Philip: You like the theatre?
Moss: Never been. But I’ve always liked the idea of the theatre. The smell of the grease, the roar of the paint. I’ve often thought if I hadn’t ended up in computers, I would’ve gone into the theatre.
Philip: But you’ve never been to see a play?
Philip: Why not?
Moss: [shrugs] Never had the interest.
That’s Maurice Moss, in one of the funniest IT Crowd episodes ever. But even Moss would enjoy a videogame-based theatre festival…
The “Game Play” (play, geddit?) festival is on now at New York’s Brick Theatre. And its sound engineer, Chris Chappell… explains the ideas behind it… “We see this as an exciting chance to bridge the gap between the worlds of vintage gaming and experimental theatre.”
There’s a few videogame-themed performances on offer, but two in particular will tickle your retro bones…
MODAL KOMBAT is yes, based on Midways blood-soaked fighter from the early 90’s. But of course there’s a twist. It’s a modern-day Dueling Banjos, with two performers controlling the MK characters, with modified electric guitars.
Hmm.. Did you assume they were just using plastic ‘Guitar Hero’ controllers? Wrong. Chris explains: “Guitarists David Hindman and Evan Drummond have developed technology that allows classical-electric guitars to control the characters”. Wow, so Kano can win with a fatality, and a C flat!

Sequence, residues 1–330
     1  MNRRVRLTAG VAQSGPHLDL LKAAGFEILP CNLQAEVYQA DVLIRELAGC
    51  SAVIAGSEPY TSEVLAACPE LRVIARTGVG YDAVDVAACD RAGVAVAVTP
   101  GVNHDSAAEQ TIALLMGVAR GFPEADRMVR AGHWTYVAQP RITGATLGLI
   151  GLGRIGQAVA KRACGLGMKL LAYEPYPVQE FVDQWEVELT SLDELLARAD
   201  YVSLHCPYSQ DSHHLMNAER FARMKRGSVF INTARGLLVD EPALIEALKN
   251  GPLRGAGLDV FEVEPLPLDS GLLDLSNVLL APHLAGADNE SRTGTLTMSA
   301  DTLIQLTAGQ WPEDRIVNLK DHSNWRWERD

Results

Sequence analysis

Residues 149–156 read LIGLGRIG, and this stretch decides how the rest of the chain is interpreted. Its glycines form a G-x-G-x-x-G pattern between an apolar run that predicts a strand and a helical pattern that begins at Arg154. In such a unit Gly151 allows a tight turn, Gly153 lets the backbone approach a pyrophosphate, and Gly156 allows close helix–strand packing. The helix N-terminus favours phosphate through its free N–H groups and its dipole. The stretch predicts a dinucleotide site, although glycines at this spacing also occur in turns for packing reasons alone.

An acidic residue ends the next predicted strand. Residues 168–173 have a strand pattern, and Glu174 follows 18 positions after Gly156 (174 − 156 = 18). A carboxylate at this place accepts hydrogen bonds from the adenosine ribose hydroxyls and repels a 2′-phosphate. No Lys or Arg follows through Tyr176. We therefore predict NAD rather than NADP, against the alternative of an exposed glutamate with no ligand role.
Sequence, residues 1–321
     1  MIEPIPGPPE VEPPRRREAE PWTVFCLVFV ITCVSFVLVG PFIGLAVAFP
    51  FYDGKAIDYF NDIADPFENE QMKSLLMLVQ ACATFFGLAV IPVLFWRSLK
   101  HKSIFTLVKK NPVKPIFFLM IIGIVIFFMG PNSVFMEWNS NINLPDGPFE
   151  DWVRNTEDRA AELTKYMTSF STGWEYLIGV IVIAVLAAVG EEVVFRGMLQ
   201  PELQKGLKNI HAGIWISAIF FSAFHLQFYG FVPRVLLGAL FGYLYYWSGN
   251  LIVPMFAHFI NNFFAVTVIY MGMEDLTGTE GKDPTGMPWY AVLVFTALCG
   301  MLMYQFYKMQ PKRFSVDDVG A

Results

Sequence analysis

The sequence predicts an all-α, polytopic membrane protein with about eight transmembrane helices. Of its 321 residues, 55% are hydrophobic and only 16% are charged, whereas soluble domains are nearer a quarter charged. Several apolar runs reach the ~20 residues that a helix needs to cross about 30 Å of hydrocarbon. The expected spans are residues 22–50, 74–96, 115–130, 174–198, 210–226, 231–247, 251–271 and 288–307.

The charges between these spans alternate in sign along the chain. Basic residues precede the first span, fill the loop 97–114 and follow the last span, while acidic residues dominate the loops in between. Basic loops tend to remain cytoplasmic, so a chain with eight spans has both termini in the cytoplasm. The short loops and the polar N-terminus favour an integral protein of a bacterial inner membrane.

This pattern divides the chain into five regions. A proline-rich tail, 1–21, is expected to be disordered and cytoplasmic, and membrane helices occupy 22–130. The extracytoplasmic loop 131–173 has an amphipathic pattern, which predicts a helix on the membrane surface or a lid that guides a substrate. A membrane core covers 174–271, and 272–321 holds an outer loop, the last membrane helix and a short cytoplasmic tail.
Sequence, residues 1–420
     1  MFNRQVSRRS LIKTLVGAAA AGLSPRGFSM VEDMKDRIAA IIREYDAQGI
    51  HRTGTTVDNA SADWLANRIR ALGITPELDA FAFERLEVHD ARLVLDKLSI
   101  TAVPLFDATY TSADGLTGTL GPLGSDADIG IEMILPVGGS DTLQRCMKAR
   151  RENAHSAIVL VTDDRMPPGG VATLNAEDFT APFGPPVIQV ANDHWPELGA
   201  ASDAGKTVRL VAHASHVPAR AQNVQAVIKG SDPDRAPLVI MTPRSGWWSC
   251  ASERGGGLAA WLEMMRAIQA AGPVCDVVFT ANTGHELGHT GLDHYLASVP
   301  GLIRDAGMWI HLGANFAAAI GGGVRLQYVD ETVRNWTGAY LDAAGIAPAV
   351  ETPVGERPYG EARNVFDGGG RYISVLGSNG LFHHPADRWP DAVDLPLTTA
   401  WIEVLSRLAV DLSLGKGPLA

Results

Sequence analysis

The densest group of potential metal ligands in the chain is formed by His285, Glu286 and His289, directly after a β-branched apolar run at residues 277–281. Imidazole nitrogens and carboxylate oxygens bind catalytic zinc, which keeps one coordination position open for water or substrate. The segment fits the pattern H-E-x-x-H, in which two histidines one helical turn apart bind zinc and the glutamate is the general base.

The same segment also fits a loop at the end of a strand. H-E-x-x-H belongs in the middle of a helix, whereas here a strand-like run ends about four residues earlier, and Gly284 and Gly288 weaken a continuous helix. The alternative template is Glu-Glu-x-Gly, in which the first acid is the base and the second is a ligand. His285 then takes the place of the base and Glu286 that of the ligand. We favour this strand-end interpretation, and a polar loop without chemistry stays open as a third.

The other performances of most interest to J-OMG readers is “Theatre of the Arcade“. Chris explains the theory and mechanics behind this one: “T.O.C.A. contains five different short plays, each based on a game that was released and was popular between 1980 and 1986. We’re not telling people which games they’re based on yet–part of the fun will be the audience trying to guess in each case, and the game will be revealed at the end of each play with a screenshot and chiptune music based on familiar themes from the game.”
As you can guess from the publicity shot above, Donkey Kong is one of the games-turned-plays. As for the other four, audiences have until the end of the week to find out…
Oh, and for those of you who know your “Beckett” from your “Brecht” (don’t look at me! -Ed) Chris explains the playrights who’ve inspired Theatre of the Arcade… “Each of the plays uses wildly different theatrical styles from five iconic playwrights–Samuel Beckett, Tennessee Williams, Bertolt Brecht, David Mamet, and Sam Shepard. But the theatrical styles will be familiar to most folks even if they don’t know the specific playwrights.”
The “Game Play” festival wraps up this weekend at The Brick Theatre, Brooklyn, New York. Saturday night there’s a Chiptunes dance party, with videogame projections and playable classic video game consoles. Sunday is the final day of performances. But this is the 2nd festival they’ve run, and there’s always 2011…
More info at the Brick Theatre site.